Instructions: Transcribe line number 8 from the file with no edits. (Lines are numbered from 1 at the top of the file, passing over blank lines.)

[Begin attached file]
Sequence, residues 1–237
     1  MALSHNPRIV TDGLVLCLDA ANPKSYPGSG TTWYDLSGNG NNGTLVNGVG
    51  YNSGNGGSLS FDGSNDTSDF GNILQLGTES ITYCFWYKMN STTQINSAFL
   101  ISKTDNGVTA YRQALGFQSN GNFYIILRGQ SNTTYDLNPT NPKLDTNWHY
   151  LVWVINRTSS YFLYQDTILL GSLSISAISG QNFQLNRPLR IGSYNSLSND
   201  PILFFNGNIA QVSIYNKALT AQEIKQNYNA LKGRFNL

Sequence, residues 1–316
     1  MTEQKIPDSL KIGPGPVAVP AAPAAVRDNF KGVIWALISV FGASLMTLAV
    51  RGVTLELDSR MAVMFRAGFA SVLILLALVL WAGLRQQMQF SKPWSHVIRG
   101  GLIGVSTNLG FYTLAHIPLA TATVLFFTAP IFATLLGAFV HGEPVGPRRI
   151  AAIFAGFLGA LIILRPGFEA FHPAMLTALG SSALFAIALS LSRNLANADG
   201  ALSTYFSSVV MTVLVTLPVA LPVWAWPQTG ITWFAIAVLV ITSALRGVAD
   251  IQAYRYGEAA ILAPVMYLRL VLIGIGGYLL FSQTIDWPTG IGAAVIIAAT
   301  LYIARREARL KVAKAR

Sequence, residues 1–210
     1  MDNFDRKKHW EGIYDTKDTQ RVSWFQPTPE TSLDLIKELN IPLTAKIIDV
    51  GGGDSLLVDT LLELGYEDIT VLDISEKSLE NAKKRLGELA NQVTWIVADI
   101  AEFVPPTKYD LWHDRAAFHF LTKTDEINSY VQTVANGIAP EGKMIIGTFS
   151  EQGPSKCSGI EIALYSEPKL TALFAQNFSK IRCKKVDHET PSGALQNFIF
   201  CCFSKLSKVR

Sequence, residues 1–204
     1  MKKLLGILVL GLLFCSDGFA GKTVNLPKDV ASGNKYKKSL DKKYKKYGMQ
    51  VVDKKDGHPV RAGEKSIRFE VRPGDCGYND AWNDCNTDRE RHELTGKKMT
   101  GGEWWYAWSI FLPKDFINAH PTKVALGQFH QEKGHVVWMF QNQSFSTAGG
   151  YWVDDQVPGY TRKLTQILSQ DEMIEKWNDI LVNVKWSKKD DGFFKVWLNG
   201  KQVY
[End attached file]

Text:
     1  MTEQKIPDSL KIGPGPVAVP AAPAAVRDNF KGVIWALISV FGASLMTLAV